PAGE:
Ideas to Action:

Independent research for global prosperity


US Development Policy

Register here for the event featuring MCC CEO Dana Hyde on Thursday, February 26.

In the recently released MCC at 10 series, Franck Wiebe and I offered a number of recommendations for how MCC could strengthen the way it implements its model.  This model, which is based on key principles of aid effectiveness, is a worthy one and one that MCC has largely implemented well over its first decade.  However, there is some room for improvement. 

All in all, we offer nearly 30 recommendations, both for MCC and for external stakeholders who are eager to see MCC succeed.  Here are some of the key suggestions:

  • Maintain a transparent, evidence-based system for picking partner countries, but maintain a keen and nuanced understanding of the strengths and limitations of the policy indicator data, especially when interpreting the scorecards of current partner countries.  A strict interpretation of imprecise data can lead to irrational decisions. (more detail)
  • Embrace subsequent compacts as a sensible way to continue to engage the right set of relatively well-governed countries. (more detail)
  • Enforce the agency’s commitment to investing only in projects that are cost-effective, that is, projects for which the value of projected benefits exceeds the cost of implementation. (more detail)
  • Improve results reporting by providing a portfolio-wide evaluation strategy that describes which activities are subject to rigorous impact evaluation (and justifies why less rigorous methods are selected for other activities), publishing all evaluation reports (both midterm and ex-post) in a timely manner, and demonstrating how MCC is applying lessons learned from evaluations to current programming. (more detail)
  • Improve an already strong track record on transparency to increase accountability to US-based and in-country stakeholders. (more detail)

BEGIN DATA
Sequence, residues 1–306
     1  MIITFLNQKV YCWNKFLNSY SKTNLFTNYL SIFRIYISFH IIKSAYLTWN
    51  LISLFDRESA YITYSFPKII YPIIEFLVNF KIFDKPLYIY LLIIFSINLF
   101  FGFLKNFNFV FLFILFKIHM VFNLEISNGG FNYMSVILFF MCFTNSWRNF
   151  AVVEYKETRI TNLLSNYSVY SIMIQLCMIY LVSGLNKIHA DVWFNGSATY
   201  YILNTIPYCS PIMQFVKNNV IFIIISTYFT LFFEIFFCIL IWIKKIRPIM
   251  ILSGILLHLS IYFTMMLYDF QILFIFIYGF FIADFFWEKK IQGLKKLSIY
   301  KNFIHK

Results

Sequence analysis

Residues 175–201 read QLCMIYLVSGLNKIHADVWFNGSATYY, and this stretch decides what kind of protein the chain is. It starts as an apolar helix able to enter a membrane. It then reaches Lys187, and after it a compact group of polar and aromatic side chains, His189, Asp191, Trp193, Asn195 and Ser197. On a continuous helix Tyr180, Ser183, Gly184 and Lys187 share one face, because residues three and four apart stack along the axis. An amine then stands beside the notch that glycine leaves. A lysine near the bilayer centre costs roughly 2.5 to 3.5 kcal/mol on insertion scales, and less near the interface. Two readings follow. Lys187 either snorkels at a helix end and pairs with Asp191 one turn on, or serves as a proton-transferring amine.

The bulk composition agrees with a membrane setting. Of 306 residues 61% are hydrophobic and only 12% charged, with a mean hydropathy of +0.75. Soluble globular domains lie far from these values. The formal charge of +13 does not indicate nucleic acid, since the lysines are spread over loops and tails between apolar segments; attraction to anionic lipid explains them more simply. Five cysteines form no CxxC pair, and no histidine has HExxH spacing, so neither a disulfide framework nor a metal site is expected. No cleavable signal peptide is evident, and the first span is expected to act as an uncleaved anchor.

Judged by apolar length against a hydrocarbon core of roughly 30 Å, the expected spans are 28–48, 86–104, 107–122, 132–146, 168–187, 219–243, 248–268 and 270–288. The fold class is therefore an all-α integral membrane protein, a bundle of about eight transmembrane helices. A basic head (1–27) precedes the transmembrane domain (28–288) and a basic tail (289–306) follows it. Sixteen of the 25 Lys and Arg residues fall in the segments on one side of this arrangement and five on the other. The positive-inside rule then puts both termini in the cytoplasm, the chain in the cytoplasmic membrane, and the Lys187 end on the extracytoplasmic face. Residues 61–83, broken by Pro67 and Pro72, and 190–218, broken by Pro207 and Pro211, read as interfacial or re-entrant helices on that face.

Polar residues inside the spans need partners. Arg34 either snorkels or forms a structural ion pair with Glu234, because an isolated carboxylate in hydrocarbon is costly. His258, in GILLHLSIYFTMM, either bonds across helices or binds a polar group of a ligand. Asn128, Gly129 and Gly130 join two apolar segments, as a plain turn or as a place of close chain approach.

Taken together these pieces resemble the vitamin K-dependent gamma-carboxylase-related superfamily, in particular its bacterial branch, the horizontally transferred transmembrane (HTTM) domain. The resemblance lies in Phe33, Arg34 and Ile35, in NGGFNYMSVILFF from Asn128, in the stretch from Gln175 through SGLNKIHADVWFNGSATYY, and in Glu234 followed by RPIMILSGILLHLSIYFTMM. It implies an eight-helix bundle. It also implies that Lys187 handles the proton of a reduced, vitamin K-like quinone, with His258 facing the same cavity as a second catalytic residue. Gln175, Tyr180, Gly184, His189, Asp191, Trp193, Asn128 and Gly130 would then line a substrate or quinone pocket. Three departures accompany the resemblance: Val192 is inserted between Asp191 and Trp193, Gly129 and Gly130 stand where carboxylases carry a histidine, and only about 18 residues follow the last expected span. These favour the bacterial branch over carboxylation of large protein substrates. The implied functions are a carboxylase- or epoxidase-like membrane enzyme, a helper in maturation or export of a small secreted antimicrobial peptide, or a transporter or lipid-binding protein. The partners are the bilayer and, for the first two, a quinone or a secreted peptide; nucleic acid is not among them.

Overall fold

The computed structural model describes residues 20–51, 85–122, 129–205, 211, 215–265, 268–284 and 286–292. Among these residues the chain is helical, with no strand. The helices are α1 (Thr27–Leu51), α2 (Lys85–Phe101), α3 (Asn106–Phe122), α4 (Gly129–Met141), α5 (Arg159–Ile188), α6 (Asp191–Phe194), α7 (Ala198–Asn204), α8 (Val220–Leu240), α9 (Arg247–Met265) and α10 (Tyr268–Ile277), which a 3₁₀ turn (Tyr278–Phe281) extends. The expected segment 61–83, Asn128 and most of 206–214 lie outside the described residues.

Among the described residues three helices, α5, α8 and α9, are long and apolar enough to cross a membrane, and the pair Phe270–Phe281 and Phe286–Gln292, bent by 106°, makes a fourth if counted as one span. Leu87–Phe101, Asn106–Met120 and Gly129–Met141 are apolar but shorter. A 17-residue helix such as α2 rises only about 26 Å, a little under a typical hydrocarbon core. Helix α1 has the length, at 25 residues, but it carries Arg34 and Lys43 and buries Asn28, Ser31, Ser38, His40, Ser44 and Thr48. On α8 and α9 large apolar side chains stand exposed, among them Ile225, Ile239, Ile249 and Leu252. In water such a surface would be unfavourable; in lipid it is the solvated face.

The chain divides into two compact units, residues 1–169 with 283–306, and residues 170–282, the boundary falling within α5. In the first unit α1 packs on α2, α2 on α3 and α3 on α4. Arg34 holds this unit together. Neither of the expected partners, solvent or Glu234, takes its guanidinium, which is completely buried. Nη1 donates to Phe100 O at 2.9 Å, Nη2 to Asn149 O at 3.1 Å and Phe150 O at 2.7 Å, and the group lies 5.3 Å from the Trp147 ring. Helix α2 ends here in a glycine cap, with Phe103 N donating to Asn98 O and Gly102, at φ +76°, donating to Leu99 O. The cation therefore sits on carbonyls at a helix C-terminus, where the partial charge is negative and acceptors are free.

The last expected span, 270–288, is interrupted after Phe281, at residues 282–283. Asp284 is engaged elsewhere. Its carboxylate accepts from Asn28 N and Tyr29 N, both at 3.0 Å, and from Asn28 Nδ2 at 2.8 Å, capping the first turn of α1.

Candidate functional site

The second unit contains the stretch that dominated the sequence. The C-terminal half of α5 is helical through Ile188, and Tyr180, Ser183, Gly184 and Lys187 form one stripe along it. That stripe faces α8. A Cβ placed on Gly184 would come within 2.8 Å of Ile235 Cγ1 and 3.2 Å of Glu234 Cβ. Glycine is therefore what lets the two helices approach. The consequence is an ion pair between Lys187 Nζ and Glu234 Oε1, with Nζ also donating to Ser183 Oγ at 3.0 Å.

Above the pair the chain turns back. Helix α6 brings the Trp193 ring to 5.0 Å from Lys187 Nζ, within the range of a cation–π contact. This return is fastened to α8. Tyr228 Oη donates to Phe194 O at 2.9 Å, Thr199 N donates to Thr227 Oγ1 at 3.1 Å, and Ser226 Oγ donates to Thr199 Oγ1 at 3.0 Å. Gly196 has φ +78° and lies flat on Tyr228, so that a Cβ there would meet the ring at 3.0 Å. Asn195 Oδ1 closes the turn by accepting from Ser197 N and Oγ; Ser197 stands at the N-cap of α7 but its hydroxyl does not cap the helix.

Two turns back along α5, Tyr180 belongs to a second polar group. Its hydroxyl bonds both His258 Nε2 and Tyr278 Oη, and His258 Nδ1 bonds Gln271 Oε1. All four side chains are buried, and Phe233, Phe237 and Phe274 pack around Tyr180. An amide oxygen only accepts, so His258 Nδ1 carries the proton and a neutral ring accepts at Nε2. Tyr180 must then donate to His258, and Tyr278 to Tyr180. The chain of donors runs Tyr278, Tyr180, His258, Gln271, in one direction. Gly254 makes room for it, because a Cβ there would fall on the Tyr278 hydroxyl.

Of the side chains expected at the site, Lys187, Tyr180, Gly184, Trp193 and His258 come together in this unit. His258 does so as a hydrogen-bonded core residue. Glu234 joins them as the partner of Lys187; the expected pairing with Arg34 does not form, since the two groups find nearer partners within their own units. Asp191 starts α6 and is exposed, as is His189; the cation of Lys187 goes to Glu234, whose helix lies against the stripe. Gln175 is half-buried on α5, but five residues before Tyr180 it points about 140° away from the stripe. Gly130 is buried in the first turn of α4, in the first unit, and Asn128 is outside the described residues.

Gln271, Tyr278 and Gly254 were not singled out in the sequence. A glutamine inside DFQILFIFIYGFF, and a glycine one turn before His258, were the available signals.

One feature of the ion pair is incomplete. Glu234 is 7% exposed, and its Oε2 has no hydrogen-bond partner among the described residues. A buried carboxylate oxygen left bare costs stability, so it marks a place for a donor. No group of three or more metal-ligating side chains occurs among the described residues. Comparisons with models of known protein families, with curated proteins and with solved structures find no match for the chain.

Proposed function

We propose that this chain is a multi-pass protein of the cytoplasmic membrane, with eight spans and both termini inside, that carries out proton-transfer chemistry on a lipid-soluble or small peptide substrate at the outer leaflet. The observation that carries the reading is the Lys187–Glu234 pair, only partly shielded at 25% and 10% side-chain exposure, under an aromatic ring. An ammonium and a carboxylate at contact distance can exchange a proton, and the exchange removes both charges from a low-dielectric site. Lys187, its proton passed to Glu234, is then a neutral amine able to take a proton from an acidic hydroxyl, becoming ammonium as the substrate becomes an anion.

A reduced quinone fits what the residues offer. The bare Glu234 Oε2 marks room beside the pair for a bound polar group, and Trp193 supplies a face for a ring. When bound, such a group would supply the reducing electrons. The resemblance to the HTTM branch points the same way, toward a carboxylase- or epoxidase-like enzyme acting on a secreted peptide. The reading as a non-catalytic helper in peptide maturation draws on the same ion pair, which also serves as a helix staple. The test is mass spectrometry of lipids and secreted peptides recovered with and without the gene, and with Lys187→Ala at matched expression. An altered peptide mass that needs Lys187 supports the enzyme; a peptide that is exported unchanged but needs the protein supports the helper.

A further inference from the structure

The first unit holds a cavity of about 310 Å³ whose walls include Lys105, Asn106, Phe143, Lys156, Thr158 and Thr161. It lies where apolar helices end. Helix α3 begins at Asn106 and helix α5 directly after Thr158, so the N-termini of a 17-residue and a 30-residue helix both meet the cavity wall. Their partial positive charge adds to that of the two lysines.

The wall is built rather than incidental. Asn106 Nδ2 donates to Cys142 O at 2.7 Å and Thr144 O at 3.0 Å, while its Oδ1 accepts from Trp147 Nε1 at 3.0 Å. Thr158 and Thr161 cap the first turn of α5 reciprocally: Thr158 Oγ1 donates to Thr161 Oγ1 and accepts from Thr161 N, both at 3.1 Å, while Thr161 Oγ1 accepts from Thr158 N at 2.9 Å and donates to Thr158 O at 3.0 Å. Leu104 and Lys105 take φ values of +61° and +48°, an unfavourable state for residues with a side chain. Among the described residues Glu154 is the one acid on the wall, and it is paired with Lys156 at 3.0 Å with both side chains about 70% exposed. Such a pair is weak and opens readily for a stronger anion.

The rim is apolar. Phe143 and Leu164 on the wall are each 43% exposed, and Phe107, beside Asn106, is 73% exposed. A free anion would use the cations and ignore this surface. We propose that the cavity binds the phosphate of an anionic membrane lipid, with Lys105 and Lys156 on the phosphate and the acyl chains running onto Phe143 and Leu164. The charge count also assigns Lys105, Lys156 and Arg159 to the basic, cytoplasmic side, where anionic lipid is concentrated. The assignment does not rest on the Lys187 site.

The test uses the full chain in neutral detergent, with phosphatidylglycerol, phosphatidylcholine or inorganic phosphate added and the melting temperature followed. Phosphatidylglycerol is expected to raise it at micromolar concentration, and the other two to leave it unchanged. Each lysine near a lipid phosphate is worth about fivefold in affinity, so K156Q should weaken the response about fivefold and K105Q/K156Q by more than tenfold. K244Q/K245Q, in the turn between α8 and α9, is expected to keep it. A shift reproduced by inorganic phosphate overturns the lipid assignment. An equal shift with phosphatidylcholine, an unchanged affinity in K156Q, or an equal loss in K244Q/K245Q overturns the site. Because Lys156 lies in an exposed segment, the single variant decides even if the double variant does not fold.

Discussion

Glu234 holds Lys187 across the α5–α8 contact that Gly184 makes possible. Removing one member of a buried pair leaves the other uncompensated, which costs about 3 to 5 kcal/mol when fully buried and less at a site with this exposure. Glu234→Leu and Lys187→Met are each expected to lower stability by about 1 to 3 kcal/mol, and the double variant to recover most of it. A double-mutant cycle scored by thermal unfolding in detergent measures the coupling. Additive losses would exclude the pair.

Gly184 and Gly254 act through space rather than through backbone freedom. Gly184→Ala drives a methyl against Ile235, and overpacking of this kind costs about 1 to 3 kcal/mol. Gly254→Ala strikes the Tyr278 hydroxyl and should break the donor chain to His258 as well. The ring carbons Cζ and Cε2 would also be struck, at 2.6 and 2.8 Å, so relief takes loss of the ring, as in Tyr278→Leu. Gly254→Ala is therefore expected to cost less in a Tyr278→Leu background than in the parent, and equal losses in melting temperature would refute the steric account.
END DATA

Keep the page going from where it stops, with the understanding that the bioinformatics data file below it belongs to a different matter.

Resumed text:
• Experiment with outcome-based funding models that further build upon MCC’s locally driven development approach. These models would provide partner governments with the flexibility to find the best ways, within their own local context, to achieve agreed upon targets.  (more detail)

What does MCC say about its goals for the next ten years?  A number of current priorities are outlined in the agency’s FY2016 budget justification, and include things like exploring regionally focused investments, using its compacts to leverage more private sector investment, and deepening its commitment to sharing and learning from results.  But what else is the agency thinking? 

Come join us on Thursday (Feb. 26, 9:30–11:00) for an open conversation with MCC’s 4th CEO, Dana J. Hyde.  She’ll reflect on MCC’s first ten years and outline a vision for the agency’s future.  CGD’s Ben Leo and the Brookings Institute’s Homi Kharas will then join her in a discussion about the challenges and opportunities MCC faces in its next 10 years, after which the floor will be open for questions.  Come hear about the future of MCC, and bring your questions for Ms. Hyde, as well.


CGD blog posts reflect the views of the authors, drawing on prior research and experience in their areas of expertise. CGD is a nonpartisan, independent organization and does not take institutional positions.